Generating Alpha from the Carbon Class

February 24, 2023

As per reports, more than 90% of the global GDP1 is committed to net-zero carbon emissions and other greenhouse gas (GHG) equivalents. Carbon credits and their trading have been funding this decarbonisation. Globally, carbon trading has exceeded €850 billion, and it is projected to grow at a CAGR of 21.14% during 2023–2028, matching the size of major commodity markets. A majority of the value of these credits is concentrated in the regulatory compliance markets, in which large emitters are mandated to buy permits to cover emissions exceeding their caps. In 2022, €683 billion worth of credits were traded in the world’s largest compliance market—EU’s emissions trading system (ETS). The demand for permits spurred by geopolitical events has increased the price per permit from €7 in 2017 to a €98 in 2022. There has been a quadruple increase in the number of voluntary credits, and the growing demand from corporate net-zero commitments is expected to expand the carbon market upward of $50 billion in 20302. Given this, carbon markets present unique opportunities to investors. They hedge the effect of climate policy on earnings and present in-built inflation-adjustment systems. Owing to their low correlation with other asset classes, carbon credits lower portfolio risk, and allow diversification. These features make carbon credits worth considering as an investment strategy.


Credits worthy of investments

The high pricing of carbon credits presents a strong incentive to investors to switch to a sustainable future. Specifically, carbon permits touched €100 per metric ton on the European market for the first time last week, and most funds trading carbon credits futures contracts have made significant gains over the past 3 months3. The betting on carbon futures can also be attributed to their ability to provide a hedge against the investment risk arising from a switch to renewable energy. Institutional investors and hedge funds have used carbon futures to diversify portfolios, given that these credits move independently from stocks and bonds. Concerning the direct exposure to the voluntary carbon markets, investments in carbon credit futures, such as the EU allowance futures, has proven beneficial for retail investors. Relative to other futures, certain carbon credit futures have been providing meaningful exposure to the growth of the carbon markets with less risk and volatility. While the risk may be attributed to their exposure to the euro, which has been declining, the appreciation in dollar may still help carbon credits retain their hedge4. Although the hedging effectiveness of carbon futures is lower than that of commodities such as precious metals and agriculture futures, they provide better hedging and diversification performance than energy futures. Overall, carbon as an investable asset class may be attractive for long-term investors because of its high liquidity, low correlation, and risk premium. Despite its high volatility, its risk-adjusted returns have overtaken equities, bonds, and commodities. If carbon prices continue to surge, which would be critical to ensure the alignment between global emissions and Paris Agreement goals, this may lead to a forecasted risk premium of between 6–12% in 20305.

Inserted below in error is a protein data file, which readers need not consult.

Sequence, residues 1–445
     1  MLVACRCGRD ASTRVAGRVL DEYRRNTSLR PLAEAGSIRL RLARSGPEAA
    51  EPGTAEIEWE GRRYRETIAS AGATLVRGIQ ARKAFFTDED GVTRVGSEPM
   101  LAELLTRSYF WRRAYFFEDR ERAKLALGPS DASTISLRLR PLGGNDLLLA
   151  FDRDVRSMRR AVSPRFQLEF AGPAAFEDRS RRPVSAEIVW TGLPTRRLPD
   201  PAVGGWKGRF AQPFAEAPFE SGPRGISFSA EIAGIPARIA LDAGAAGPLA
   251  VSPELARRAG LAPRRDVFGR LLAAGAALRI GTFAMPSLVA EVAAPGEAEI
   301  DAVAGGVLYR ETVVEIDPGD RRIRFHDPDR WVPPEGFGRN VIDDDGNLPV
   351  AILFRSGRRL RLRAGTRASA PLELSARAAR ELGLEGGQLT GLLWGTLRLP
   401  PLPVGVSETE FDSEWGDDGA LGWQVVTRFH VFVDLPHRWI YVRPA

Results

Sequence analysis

Strategies that fuel growth

For investors, both compliance and voluntary carbon markets represent one of the most important opportunities of the entire sustainability revolution. However, the carbon market may not be appealing as a single asset, and hence investors must consider it as part of a multi-asset portfolio. Investors should build diversified portfolios, wherein each building block conforms to the Paris agreement. Understanding carbon metrics6 across each asset class and combining those with forward-looking decarbonization rates will help investors to decide which asset class to replace. An emphasis on climate transition by incorporating forward-looking data can help reduce risks and seize opportunities in companies/countries well-positioned to exploit from the transition to a low-carbon economy. Investors should consider screening and employ indexes to eliminate exposure to certain segments. Factor portfolios also allow investors to consider broad and persistent return drivers. They also facilitate alignment to the Paris Agreement by systematically incorporating decarbonization standards7. In this context, investors can gain by ensuring that their allocations are in high quality portfolios that deliver significant benefits. Investors can also use alpha-seeking strategies to understand exposures that contribute to the transition and reduce emissions, thereby generating alpha.


Risks and rewards

Investors can capitalize from the growth in the global carbon market by focusing on funds with diversified holdings. These low-carbon funds will reduce investors’ exposure to dirty companies and motivate them to make green investments. Carbon can also be considered by investors when hedging against risks emerging from the stock markets. Investors with an equity market risk can hedge their positions using carbon futures. While futures hold risks, most carbon funds have been witnessing an upward price performance. This provides a good reference for investors planning to wet their feet in carbon trading.


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